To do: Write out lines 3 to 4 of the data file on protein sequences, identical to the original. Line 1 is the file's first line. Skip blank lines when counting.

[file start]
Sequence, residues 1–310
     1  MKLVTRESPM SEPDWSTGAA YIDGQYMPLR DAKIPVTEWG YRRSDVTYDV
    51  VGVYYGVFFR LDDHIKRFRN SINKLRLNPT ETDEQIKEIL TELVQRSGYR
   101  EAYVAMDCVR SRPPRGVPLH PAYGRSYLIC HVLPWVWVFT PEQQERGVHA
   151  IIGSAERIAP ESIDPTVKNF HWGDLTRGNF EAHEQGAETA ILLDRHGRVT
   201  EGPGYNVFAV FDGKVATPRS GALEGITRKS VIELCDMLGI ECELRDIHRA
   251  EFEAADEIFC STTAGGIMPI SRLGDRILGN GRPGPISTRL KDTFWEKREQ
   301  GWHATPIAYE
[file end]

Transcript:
    51  VGVYYGVFFR LDDHIKRFRN SINKLRLNPT ETDEQIKEIL TELVQRSGYR
   101  EAYVAMDCVR SRPPRGVPLH PAYGRSYLIC HVLPWVWVFT PEQQERGVHA